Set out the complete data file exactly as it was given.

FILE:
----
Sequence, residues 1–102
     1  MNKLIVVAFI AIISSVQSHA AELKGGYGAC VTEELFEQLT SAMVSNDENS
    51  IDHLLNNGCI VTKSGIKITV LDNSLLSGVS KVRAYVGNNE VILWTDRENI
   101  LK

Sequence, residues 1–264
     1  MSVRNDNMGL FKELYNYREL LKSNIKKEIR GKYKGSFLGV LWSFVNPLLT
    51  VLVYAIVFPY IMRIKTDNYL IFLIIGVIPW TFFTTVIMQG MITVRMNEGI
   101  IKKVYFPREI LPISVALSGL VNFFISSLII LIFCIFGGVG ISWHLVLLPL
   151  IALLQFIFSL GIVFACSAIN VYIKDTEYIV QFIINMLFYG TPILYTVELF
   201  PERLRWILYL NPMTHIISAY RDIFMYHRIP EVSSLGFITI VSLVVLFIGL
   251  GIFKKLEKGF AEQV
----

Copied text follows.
Sequence, residues 1–102
     1  MNKLIVVAFI AIISSVQSHA AELKGGYGAC VTEELFEQLT SAMVSNDENS
    51  IDHLLNNGCI VTKSGIKITV LDNSLLSGVS KVRAYVGNNE VILWTDRENI
   101  LK

Sequence, residues 1–264
     1  MSVRNDNMGL FKELYNYREL LKSNIKKEIR GKYKGSFLGV LWSFVNPLLT
    51  VLVYAIVFPY IMRIKTDNYL IFLIIGVIPW TFFTTVIMQG MITVRMNEGI
   101  IKKVYFPREI LPISVALSGL VNFFISSLII LIFCIFGGVG ISWHLVLLPL
   151  IALLQFIFSL GIVFACSAIN VYIKDTEYIV QFIINMLFYG TPILYTVELF
   201  PERLRWILYL NPMTHIISAY RDIFMYHRIP EVSSLGFITI VSLVVLFIGL
   251  GIFKKLEKGF AEQV